As scholar of the Classics and drama studies, Jane Montgomery Griffiths has devoted much of her artistic practice to interpreting the voices of women who have either been censored or misinterpreted throughout history. Montgomery Griffiths has been celebrated for her writing of, and solo performances in, productions such as Razing Hypatia and Sappho in 9 Fragments. With her experience of theatrically exploring female desire, sexuality and intellectual contribution, it is understandable that Montgomery Griffiths was attracted to Dorothy Porter’s verse novel Wild Surmise written in the Sapphic tradition with lyrics mediating on desire, exploration and loss.
'In the program notes to the production of Wild Surmise, Montgomery Griffiths writes that the ‘project started with the act of falling in love – falling in love with characters, falling in love with a book, falling in love through the act of reading.’ Love is one of the central themes of Porter’s Wild Surmise and it was carried onto the stage with Montgomery Griffiths’ performance as Alex, an astrobiologist infatuated with discovering life on one of Jupiter’s four Galilean moons, Europa. This moon is both the subject of astrobiological study and the intergalactic symbol of desire for Alex who is gravitating away from her literary academic husband Daniel, played by Humphrey Bower, and into an affair with the astrophysicist Phoebe.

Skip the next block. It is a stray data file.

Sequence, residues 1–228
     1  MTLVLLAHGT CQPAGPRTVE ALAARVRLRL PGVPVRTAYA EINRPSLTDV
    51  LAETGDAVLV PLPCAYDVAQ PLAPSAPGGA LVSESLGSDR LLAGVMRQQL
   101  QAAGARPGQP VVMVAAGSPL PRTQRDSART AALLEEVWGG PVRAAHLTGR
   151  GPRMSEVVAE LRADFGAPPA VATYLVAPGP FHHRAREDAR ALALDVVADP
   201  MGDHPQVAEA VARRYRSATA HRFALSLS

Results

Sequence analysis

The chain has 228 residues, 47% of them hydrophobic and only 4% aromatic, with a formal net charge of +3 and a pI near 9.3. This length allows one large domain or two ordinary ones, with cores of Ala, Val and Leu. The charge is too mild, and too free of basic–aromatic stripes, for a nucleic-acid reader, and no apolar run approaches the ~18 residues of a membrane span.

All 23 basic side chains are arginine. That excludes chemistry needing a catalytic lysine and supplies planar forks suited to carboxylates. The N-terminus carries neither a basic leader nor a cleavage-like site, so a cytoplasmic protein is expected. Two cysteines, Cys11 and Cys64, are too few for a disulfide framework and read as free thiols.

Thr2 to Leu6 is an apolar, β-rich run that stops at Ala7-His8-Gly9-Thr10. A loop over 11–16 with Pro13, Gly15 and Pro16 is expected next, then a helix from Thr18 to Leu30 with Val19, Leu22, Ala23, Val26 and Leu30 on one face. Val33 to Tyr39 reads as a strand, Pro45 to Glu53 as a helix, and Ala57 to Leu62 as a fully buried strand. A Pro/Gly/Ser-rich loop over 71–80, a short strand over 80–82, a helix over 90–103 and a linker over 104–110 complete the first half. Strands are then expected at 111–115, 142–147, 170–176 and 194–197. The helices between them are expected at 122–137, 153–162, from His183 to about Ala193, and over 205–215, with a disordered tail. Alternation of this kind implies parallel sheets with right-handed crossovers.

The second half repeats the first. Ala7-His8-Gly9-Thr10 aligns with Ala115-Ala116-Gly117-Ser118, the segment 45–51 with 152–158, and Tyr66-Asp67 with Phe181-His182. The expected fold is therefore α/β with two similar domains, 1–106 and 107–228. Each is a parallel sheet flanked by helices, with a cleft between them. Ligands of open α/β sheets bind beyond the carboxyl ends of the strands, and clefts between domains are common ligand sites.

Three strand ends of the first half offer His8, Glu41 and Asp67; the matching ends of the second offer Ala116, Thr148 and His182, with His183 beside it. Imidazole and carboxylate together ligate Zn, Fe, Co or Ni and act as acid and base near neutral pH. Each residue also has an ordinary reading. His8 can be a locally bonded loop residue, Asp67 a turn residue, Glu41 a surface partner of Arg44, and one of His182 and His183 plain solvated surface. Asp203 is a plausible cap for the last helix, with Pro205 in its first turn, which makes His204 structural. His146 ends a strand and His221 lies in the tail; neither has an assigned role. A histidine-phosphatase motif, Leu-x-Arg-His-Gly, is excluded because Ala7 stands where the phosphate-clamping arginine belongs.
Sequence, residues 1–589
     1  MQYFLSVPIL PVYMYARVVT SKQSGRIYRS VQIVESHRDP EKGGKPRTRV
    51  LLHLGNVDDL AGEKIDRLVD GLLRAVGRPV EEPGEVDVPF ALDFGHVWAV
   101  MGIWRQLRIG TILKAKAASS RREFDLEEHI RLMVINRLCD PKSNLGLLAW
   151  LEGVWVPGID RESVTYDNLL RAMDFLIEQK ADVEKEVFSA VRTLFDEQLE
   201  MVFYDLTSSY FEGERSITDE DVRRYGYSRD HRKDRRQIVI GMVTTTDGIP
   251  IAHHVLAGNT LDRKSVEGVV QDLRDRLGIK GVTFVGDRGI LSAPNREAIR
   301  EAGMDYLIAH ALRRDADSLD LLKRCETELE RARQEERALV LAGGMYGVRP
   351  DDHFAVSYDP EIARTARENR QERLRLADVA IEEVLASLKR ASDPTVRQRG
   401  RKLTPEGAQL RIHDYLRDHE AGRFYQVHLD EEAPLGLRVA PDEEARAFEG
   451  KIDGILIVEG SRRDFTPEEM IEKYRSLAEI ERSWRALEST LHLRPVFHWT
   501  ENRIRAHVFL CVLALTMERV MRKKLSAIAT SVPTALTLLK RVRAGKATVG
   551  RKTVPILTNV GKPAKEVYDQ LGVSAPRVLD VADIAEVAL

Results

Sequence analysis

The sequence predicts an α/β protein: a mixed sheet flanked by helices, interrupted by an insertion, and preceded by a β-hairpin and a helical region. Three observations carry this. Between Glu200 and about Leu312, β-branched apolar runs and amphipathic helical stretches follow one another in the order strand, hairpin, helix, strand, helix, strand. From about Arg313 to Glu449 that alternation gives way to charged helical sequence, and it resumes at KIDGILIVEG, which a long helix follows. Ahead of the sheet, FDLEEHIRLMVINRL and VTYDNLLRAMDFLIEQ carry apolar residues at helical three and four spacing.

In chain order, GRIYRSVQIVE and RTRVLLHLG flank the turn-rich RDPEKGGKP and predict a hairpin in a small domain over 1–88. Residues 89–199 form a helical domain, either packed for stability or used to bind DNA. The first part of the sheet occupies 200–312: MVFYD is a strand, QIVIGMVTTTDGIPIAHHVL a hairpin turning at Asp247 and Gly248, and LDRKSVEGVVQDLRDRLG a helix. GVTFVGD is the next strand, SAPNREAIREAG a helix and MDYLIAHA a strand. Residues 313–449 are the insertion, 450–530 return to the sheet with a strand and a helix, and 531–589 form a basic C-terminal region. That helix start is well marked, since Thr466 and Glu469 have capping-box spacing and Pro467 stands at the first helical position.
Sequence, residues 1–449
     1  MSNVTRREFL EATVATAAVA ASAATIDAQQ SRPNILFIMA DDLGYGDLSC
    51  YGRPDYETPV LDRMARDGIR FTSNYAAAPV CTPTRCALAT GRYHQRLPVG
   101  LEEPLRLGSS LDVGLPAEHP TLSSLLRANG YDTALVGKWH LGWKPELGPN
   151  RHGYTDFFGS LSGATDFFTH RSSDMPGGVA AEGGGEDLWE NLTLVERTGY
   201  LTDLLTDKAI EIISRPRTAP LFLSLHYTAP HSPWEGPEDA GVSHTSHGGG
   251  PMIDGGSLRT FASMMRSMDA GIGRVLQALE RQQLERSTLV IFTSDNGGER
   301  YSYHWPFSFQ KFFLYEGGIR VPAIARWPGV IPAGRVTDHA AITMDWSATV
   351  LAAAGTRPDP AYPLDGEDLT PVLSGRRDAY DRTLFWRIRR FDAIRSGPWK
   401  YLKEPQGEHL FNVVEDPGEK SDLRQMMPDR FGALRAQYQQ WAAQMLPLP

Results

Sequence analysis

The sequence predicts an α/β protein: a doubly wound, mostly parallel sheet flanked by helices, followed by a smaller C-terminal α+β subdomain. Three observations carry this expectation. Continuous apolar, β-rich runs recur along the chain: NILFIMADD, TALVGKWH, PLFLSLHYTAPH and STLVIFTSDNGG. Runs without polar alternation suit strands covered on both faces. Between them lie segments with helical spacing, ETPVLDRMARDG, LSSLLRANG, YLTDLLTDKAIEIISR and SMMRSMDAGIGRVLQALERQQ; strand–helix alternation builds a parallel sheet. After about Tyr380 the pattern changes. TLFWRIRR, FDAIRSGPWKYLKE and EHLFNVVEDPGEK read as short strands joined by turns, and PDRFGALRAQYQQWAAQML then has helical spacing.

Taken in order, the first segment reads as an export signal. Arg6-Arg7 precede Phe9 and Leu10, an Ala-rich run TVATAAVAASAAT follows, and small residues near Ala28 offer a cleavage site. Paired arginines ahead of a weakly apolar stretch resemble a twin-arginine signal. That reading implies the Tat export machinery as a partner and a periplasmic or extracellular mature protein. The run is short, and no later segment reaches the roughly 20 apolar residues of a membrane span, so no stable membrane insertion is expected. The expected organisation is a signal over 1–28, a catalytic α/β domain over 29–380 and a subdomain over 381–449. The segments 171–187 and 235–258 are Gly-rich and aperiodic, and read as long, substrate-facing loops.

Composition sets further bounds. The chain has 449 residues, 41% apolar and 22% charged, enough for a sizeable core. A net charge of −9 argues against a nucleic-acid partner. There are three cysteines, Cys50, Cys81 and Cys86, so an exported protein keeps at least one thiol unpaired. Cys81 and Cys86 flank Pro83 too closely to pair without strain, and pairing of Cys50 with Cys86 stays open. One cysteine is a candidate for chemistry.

'Directed by Marion Potts and staged at the Malthouse Theatre from 9 November to 2 December 2012, the production of Wild Surmise was culturally significant as it embraced the oral tradition of poetry and allowed for new audiences to be exposed to Porter’s dynamic poetics...' (Publication abstract)